A comment by a Catholic in a discussion with a Protestant about faith vs. good works startled me:

Catholics would consider going to Confession to be a work. It's a specific act you need to do. We don't have any qualms about saying Christians need to do all kinds of works, except the works of the Law.

Of course confessing mortal sins are necessary for a Catholic to go back to the state of grace so they can subsequently do "good works" that are meritorious. That's not what at issue here. Secondly, although liturgy literally means "public work", I'm excluding that meaning here since "work" here seems to refer to what the Church is doing on behalf or for the benefit of the people. I'm thus not asking about the "work" done by the priests to assist a faithful's going to confession but asking whether it is considered "good work" for the penitent.

So, within the debate with Protestants on salvation, am I wrong in saying that going to the Sacrament of Confession is technically not "good works" even if it's necessary to restore the state of grace in order to do "good works" for our salvation? For this question I'm defining "good work" in the sense described by this Catholic Answers article Are Good Works Necessary for Salvation?

In my understanding of Catholicism, good works are works of love flowing out of faith and powered by grace; works that are meritorious, which God counts toward the final justification of a believer in the state of grace.

So my question is: According to Catholicism, is going to confession considered "good work" that increases one's righteousness, when considered from the angle that the sacrament merely enable us to perform works of love, the LATTER being the meritorious acts contributing to the increase of righteousness (for final justification)?

  • How does participating in a Sacrament not meet the definition of good work you proposed here?
    – jaredad7
    Oct 24, 2022 at 19:58
  • @jaredad7 I clarified the question to highlight possible differences between "work" that a Catholic does in going to confession / mass vs. "work of love" performed to our neighbors. Oct 24, 2022 at 20:27
  • 1
    Are you separating the instant of the appearance of the sacrament for the liturgy? Because liturgy is literally work.
    – Peter Turner
    Oct 24, 2022 at 22:24
  • @PeterTurner Good point. Yes, liturgy is "public work", but in my Q I'm specifically asking for a believer's participation in liturgy, and whether soteriologically it's called "good work" or not. Updated my question accordingly. Oct 24, 2022 at 23:09
  • @PeterTurner I maybe wrong in my understanding of "work" in Catholicism. If you don't separate the merit of participating in the liturgy from the merit of doing works of love for our neighbors, then yes, it makes sense that participating in the liturgy counts as "work". My instinct says there is a difference because in polemical / apologetical articles discussing faith vs. work with Protestants, I have never seen going to liturgy / confession included in the discussion. Oct 24, 2022 at 23:16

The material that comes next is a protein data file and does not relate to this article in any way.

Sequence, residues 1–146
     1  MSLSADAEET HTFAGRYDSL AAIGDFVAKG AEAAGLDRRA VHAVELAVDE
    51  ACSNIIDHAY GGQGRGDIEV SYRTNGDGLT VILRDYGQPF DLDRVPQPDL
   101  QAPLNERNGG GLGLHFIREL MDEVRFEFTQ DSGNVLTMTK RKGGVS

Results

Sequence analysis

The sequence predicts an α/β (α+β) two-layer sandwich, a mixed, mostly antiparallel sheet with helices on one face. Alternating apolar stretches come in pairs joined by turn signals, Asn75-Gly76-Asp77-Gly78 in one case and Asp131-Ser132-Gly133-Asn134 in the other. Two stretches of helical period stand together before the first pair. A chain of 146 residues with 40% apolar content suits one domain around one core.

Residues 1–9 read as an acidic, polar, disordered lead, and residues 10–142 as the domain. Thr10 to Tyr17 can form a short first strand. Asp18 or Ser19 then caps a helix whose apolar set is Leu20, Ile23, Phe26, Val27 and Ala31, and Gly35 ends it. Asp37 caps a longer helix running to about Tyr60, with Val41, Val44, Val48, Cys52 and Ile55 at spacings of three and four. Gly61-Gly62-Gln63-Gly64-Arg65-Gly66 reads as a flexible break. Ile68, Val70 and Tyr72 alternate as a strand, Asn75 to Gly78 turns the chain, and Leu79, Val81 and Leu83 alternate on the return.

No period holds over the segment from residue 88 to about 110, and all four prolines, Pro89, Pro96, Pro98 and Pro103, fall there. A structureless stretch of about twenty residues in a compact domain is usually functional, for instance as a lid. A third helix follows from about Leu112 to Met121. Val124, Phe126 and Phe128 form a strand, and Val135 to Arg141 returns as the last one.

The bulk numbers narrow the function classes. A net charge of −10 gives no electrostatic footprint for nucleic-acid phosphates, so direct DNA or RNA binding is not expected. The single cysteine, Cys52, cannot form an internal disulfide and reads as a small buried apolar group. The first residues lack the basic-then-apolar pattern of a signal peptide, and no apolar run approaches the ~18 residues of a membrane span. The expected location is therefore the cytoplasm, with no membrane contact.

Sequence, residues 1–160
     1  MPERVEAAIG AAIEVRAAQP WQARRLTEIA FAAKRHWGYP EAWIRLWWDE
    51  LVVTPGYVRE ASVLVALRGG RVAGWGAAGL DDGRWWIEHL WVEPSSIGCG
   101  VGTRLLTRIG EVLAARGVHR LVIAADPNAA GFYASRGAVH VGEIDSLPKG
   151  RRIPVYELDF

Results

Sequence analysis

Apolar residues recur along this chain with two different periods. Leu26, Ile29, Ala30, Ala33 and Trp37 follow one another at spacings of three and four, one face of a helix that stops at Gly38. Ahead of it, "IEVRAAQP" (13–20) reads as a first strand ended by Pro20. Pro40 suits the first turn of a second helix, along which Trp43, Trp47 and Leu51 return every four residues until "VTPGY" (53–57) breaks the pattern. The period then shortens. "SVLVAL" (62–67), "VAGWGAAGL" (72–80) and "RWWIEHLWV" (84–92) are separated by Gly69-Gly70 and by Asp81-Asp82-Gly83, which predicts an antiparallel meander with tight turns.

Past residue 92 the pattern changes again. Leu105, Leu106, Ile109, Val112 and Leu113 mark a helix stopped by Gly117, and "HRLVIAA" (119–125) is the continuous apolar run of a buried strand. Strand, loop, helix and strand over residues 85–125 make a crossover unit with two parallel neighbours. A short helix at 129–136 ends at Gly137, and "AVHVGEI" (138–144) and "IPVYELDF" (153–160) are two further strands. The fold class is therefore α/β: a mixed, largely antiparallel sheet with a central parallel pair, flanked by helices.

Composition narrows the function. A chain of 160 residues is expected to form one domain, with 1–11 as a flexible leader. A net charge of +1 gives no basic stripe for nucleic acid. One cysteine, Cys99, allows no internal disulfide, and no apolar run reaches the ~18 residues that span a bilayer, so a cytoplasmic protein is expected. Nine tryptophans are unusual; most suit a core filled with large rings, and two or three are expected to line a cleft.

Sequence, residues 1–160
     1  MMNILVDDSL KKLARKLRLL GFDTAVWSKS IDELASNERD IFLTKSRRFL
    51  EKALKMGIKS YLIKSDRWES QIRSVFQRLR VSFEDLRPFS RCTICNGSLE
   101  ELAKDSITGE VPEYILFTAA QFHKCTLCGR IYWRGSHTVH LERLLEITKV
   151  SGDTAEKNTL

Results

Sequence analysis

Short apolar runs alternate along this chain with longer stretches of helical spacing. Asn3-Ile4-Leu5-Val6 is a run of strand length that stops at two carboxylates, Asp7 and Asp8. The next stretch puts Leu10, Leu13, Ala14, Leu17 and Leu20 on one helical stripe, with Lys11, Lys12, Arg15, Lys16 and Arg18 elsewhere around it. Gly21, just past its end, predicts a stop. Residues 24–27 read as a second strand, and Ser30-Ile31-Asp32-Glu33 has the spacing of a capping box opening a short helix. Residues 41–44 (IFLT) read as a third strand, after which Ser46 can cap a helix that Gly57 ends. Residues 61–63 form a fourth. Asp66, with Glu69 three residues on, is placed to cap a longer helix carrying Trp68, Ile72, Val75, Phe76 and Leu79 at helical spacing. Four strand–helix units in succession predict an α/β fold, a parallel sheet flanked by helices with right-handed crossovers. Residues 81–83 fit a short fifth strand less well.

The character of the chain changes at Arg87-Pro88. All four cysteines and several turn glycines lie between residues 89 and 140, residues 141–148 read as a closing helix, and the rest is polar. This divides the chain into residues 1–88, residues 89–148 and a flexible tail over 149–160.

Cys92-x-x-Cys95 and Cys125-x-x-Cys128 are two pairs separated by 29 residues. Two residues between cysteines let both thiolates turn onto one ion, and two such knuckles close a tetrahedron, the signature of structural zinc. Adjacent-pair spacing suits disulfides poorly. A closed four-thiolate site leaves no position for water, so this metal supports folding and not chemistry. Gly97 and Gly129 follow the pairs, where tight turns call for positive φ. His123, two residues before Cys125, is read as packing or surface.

1 Answer 1


Specific works in going to confession are bolded:

  1. Examining your conscience
  2. Waiting in line
  3. Saying your sins
  4. Listening to advice
  5. Praying an "act of contrition"
  6. Thanking your priest
  7. Doing your penance

Each of these things can be done well or poorly and the penitent still receives the same measure of forgiveness (i.e. is brought back in to the same state of grace).

The infusion of grace suffices for the remission of sin;


Doing them well can form a good habit (i.e. a virtue) and thereby increase ones receptivity to grace; especially actual grace to go and do more good works.

I wish St. Thomas were around to offer a distinguo as to whether only confessing once a year was a "work of the law" because it is a precept of the Church. He does say that we're bound to go to confession once a year if only to confess venial sins.

Now, if I were to put on my dumb ox cap, I can reason out that that work would not save you because in the unlikely event that you remain in a state of grace throughout the whole year and only confess venial sins, the work would not save you - but the neglect of the work would condemn you.

Therefore, it seems rational to call the whole thing a "good work" since it fits the bill as

  1. Inspired by the movement of grace
  2. Essential for salvation of fallen human beings
  3. Has elements which may or may not be meritorious based on ones disposition
  • 1
    I see my blind spot now: I was focusing only on the mortal sin aspect. Framed this way, the act of preparing to confess venial sins, if done well, increases virtue since it increases one's receptivity to grace, which in turn helps one to do more good works. Oct 25, 2022 at 13:31
  • @GratefulDisciple yeah, confessing mortal sins is like a going to the hospital for an appendectomy so you can not die; confessing venial sins is like going to the clinic for a physical so you can go play baseball.
    – Peter Turner
    Oct 25, 2022 at 14:53
  • If it is a good work, the question then remains as to whether it is a good work unto salvation or a good work resulting from salvation. Paul says the former is impossible and only acknowledges the latter (Ephesians 2:8-10). Oct 26, 2022 at 15:30

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